Colin Craig says he will not be seeking re-election as leader of the Conservative Party because it would be wrong to take on the role while he is being investigated by police.
The Conservative Party's newly elected board confirmed today it was looking to get back on track after a disastrous year by electing a new leader.
Mr Craig, the party's founder and main financial backer, said he would not be amongst the contenders.
He is facing a police complaint over his party's spending during the 2014 election, though no charges have been laid.
"My feeling is that it is not right for me to put my name forward until the most serious allegations are cleared," he said.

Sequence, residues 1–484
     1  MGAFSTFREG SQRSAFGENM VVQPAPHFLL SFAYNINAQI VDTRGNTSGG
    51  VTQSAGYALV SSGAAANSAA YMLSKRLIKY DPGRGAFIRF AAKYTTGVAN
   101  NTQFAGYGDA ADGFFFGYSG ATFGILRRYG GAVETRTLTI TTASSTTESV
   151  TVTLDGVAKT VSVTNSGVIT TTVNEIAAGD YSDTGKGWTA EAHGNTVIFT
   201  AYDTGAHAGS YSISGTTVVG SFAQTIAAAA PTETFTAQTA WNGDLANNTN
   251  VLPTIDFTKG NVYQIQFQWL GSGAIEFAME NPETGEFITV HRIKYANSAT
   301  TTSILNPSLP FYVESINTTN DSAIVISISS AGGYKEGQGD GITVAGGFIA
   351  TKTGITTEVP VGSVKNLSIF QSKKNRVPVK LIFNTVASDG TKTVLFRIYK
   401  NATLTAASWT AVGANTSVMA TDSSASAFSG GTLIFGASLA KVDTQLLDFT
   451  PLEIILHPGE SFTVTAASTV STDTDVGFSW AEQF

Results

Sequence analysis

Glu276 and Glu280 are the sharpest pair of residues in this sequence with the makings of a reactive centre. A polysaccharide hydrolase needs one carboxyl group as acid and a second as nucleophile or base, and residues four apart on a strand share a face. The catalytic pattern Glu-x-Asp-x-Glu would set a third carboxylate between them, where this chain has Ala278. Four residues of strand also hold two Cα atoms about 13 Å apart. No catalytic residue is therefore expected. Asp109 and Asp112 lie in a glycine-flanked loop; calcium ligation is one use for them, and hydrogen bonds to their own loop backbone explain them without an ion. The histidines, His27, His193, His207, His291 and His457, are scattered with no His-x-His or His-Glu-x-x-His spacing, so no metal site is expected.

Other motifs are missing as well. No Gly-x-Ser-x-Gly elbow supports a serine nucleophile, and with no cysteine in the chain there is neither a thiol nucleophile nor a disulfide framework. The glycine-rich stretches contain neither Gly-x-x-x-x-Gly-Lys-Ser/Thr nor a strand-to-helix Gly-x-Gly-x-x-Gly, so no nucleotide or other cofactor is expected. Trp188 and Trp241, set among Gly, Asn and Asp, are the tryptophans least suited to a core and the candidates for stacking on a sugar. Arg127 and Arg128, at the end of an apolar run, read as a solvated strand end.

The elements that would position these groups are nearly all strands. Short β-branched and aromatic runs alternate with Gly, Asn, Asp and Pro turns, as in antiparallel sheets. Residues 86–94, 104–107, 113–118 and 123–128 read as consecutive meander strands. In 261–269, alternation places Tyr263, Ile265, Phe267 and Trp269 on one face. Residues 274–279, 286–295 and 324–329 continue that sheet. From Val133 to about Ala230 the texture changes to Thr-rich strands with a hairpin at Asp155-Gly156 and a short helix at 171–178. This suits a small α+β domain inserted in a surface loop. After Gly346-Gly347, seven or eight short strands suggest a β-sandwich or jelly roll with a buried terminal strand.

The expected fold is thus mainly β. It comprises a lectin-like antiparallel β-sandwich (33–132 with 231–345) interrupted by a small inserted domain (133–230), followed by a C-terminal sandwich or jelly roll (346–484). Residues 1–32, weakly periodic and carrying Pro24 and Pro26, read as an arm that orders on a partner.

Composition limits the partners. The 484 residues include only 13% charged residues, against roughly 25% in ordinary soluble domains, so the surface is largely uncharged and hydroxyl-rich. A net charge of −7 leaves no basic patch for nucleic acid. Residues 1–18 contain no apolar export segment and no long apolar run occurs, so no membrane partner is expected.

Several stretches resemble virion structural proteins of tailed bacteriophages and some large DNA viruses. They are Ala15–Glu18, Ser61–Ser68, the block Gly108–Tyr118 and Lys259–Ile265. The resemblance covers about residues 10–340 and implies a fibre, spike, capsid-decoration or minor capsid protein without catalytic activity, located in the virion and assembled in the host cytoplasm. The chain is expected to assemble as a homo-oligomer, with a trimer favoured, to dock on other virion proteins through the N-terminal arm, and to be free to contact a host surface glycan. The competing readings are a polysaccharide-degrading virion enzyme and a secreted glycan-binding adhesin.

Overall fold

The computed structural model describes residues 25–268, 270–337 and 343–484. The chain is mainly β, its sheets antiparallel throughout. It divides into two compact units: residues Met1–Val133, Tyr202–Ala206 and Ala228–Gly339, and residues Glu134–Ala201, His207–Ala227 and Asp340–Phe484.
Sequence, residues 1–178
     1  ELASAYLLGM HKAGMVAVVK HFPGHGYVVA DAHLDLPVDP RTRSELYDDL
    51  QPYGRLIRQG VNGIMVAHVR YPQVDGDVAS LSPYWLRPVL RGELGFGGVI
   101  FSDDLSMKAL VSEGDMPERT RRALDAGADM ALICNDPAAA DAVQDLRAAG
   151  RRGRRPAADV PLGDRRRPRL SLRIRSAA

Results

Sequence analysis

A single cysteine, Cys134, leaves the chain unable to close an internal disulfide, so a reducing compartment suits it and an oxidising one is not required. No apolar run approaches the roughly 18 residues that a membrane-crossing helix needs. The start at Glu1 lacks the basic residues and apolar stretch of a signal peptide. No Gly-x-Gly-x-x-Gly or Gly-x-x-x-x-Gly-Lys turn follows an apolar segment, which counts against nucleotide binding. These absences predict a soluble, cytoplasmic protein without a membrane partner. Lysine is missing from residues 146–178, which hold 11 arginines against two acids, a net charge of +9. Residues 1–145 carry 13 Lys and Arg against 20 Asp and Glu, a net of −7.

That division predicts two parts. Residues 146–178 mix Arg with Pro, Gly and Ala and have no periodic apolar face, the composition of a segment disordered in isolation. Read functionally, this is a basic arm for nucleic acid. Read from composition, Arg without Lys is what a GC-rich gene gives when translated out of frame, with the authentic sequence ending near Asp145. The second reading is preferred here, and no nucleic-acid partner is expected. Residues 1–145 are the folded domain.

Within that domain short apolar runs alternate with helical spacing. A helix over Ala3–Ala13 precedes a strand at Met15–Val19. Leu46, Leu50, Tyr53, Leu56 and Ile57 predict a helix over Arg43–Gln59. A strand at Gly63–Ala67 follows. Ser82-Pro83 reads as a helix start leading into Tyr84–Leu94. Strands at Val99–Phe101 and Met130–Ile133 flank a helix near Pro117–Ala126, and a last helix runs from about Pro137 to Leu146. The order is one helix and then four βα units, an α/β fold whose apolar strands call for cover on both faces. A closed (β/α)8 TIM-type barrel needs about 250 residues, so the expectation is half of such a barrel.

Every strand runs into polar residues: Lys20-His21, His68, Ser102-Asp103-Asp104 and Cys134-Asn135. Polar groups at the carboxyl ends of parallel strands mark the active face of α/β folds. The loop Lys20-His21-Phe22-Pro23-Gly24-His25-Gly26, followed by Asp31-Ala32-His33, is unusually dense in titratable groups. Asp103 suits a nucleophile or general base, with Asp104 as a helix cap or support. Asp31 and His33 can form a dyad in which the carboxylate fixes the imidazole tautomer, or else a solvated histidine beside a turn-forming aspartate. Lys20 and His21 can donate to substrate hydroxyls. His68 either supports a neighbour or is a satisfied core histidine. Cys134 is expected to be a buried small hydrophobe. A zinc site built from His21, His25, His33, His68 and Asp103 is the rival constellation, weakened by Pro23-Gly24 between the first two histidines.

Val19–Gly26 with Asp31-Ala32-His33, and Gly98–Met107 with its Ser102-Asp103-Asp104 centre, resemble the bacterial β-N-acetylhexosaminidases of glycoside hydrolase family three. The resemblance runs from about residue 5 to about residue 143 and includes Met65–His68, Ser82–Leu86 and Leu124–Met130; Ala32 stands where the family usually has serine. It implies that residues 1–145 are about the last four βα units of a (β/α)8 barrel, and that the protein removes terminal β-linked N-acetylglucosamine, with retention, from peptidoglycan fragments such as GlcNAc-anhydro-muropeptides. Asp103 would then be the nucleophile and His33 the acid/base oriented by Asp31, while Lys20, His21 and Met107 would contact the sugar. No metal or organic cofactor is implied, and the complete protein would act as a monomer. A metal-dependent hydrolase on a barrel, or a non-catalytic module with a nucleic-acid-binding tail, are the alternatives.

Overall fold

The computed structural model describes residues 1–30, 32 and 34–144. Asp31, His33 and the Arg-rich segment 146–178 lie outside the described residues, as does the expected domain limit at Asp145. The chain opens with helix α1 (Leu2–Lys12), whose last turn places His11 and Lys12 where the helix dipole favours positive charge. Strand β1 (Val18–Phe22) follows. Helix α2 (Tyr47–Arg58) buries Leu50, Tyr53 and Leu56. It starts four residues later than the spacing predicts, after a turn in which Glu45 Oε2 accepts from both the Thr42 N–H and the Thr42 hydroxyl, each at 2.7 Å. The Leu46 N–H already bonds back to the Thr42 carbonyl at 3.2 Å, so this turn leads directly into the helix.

If he was cleared before the 2017 election, he would consider returning to the party as a candidate, "if they will have me".
Mr Craig stepped down in June amid allegations that he had harassed his former press secretary Rachael MacGregor.
That prompted the board to collapse. It also led to a messy war of words between Mr Craig and former board member John Stringer, who made the complaint to police about the Conservatives' election spending.
Mr Craig and Mr Stringer are also suing each other for defamation. Mr Craig is also seeking defamation damages from blogger Cameron Slater and lawyer Jordan Williams in relation to their alleged role in in the collapse of the party earlier this year.
Board member Leighton Baker thanked Mr Craig for his leadership, saying the party's rise from nothing to 5th largest party in New Zealand was "largely due to Mr Craig's enthusiasm and support".